In many ways, Germany was rococo’s best patron, but it viewed France as a model of style but not of restraint. Skilled German and Italian carvers, modelers, and stuccoists elaborated on models made by French trained designers, often producing bursts of extravagant fancy. Two significant centers dominated German rococo design: Munich, with nearby Augsburg, in the south, under Maximillian II Emanuel von Wittelsbach, Elector of Bavaria; and Berlin, with nearby Potsdam, in the north, under Frederick II (the Great) von Hohenzollern. Dresden also produced some truly rococo furniture and architecture. Augustus the Strong’s primary interest, the porcelain manufactory in Meissen, was generally an exception.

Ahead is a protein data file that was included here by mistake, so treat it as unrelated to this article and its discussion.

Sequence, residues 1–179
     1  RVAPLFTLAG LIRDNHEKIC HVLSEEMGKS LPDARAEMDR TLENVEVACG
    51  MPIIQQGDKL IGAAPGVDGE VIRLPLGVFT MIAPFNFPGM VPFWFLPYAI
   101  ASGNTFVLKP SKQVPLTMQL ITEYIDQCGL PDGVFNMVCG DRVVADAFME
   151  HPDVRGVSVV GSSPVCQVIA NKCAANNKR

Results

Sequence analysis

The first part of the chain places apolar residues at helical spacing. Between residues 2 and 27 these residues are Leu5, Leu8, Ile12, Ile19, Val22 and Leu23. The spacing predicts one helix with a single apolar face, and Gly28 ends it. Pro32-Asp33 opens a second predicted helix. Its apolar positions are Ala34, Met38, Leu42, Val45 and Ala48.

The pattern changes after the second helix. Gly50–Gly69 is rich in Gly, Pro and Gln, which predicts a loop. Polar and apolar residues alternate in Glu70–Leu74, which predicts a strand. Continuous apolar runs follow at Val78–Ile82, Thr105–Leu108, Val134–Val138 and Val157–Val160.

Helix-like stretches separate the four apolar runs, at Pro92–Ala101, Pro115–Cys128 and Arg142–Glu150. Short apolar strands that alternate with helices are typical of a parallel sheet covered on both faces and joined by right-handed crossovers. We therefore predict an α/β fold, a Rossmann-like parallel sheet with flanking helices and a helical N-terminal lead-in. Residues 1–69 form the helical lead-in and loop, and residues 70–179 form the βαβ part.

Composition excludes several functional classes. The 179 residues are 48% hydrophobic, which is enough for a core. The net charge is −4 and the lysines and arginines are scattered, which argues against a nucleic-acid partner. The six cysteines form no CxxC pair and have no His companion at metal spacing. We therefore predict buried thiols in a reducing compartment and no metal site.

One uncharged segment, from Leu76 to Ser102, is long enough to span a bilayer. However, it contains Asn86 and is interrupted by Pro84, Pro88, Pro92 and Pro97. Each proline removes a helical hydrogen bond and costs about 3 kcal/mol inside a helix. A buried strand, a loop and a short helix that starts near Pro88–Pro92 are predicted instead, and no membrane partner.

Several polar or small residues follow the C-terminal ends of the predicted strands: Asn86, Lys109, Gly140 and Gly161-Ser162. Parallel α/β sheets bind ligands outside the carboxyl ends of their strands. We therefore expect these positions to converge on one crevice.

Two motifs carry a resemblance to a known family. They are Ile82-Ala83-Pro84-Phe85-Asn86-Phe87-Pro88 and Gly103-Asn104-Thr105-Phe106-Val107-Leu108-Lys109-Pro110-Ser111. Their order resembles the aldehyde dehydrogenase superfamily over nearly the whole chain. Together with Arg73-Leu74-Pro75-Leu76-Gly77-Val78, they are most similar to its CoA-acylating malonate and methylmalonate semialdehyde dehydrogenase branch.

Paris-trained Jean-François Cuvilliés (1695–1768) returned to Munich in 1725, where he first worked under and later succeeded court architect Josef Efner. Among his many projects for the Wittelsbach court was the Amalienburg pavilion at Schloss Nymphenburg, a rococo masterpiece near Munich, which featured the skilled workmanship of Italian stuccoists and carvers. Cuvilliés’s influence expanded through his prints of ornament and furniture designs, and he later worked with the northern designer Johann August Nahl in a collaboration for the Hesse family. Rococo style also spread through the Hoppenhaupts, designers and graphic artists who went from Augsburg to Berlin to work for Frederick the Great. Frederick’s love of pleasure and fantasy culminated in his pleasure palace Sanssouci (“carefree”), a motto for the rococo spirit, where lavish gilt-wood furniture united with flamboyant interior architecture in a complete fantasy environment.